Cape Province rural perinatal deaths, January - December 1985

Theron G.B. ; Pattinson R.C. ; Engelbrecht B.H.J. (1988)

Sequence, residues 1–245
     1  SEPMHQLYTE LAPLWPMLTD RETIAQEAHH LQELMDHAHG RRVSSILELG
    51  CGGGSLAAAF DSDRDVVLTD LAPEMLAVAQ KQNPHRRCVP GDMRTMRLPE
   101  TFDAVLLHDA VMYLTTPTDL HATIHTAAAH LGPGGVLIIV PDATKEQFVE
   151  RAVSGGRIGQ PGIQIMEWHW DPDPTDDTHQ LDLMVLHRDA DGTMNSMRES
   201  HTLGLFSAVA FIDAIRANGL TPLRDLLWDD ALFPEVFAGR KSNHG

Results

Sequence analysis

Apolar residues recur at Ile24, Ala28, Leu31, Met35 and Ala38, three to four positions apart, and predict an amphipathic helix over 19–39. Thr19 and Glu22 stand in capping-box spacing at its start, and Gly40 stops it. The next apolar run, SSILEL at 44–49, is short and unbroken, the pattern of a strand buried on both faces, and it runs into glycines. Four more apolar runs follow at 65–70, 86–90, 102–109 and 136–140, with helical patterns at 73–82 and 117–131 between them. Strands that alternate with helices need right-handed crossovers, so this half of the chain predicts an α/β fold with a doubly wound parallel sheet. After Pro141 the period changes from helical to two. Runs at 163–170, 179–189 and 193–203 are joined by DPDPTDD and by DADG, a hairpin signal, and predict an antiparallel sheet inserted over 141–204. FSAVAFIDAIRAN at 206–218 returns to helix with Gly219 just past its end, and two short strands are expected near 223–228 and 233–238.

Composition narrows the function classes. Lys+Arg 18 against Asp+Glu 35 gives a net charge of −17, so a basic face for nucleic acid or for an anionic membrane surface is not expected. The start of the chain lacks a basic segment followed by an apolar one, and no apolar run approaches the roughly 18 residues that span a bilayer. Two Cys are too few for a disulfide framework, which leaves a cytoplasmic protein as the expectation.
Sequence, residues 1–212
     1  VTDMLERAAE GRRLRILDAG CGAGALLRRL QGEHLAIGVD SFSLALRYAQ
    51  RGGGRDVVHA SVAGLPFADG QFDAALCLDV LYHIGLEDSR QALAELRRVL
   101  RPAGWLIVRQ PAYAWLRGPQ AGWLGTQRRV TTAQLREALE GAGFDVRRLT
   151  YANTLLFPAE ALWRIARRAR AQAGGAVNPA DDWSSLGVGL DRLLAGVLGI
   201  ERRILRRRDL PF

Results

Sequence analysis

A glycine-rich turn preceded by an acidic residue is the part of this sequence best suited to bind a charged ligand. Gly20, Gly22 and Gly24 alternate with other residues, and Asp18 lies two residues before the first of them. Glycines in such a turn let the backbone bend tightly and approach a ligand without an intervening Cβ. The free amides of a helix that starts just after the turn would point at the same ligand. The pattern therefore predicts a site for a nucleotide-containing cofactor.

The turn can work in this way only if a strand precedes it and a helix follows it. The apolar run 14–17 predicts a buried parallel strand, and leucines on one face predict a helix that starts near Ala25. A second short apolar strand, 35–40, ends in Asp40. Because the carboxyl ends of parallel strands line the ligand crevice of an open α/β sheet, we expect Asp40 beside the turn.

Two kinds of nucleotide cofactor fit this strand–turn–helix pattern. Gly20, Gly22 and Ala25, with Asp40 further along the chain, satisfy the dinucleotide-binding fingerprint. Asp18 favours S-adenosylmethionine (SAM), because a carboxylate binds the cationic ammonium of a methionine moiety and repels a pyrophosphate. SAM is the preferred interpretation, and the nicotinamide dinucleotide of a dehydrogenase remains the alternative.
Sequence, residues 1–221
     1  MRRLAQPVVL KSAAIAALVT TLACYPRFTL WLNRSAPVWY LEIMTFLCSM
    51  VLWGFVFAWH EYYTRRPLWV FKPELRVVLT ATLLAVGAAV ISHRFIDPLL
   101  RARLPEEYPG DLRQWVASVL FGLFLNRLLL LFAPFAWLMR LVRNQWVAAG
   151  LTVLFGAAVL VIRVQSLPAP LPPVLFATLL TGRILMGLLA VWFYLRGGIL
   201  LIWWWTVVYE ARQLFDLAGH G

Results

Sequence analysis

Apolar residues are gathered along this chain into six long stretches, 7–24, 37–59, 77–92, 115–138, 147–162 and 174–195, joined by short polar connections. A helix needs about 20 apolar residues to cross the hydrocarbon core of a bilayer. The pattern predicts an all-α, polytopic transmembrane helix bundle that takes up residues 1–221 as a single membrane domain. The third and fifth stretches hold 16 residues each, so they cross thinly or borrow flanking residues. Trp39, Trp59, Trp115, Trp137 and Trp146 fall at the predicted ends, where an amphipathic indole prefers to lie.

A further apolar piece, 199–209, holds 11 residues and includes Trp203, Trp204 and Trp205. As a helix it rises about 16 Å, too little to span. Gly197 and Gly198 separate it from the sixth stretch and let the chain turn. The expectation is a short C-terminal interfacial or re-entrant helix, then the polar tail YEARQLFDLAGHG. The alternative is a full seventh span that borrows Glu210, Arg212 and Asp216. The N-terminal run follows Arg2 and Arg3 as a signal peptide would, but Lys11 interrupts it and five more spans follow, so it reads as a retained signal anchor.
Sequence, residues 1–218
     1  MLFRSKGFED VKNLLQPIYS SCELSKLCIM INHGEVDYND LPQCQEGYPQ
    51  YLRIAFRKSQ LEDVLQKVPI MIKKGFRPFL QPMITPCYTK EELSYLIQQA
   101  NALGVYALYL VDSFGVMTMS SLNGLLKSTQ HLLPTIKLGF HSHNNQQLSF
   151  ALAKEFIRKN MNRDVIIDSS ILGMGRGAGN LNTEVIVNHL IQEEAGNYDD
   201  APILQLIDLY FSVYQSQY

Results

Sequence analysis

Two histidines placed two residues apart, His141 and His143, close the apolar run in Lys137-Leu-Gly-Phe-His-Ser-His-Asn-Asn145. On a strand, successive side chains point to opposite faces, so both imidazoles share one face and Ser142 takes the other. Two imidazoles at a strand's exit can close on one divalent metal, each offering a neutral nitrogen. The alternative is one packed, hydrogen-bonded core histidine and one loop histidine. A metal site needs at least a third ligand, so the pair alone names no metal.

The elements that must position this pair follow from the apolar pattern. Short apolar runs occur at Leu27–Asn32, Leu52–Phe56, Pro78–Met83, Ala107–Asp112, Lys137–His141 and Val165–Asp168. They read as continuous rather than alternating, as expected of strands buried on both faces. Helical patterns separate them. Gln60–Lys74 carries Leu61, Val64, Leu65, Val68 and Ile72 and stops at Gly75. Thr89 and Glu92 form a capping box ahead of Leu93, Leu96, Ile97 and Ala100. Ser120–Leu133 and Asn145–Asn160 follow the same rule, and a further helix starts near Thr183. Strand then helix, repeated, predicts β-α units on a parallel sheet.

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In this study 18 rural hospitals in the Cape Province were prospectively surveyed in respect of the number of deliveries, perinatal deaths, low-birth-weight babies, and the hospital facilities available for routine antenatal, intrapartum and neonatal care. During the study period (1 January -31 December 1985) there were a total of 19274 deliveries (birth weight ≥ 1 000 g). The mean perinatal mortality rate was 27,3/1 000 deliveries (range 15,3 - 45,3). The prevalence of low-birth-weight babies ranged from 13,3% to 34,4% with a mean of 17,7%. By plotting the perinatal mortality rate against the prevalence of low-birth-weight babies a perinatal care index was established. A low perinatal mortality coupled with a high prevalence of low-birth-weight infants, for example, signifies proper care. The perinatal index was then used to compare the neonatal outcome of different hospitals. Outcome varied considerably, as did facilities and care. Serological tests for syphilis and blood groups were not known in the majority of patients at 4 hospitals involving 2 387 deliveries. No cervical cytology was done at 6 hospitals involving 5 462 deliveries. One hospital had no neonatal resuscitation equipment. There were no facilities for serum bilirubin measurements at 10 hospitals involving 8 867 deliveries. However, most problems identified are easily and cheaply rectifiable.

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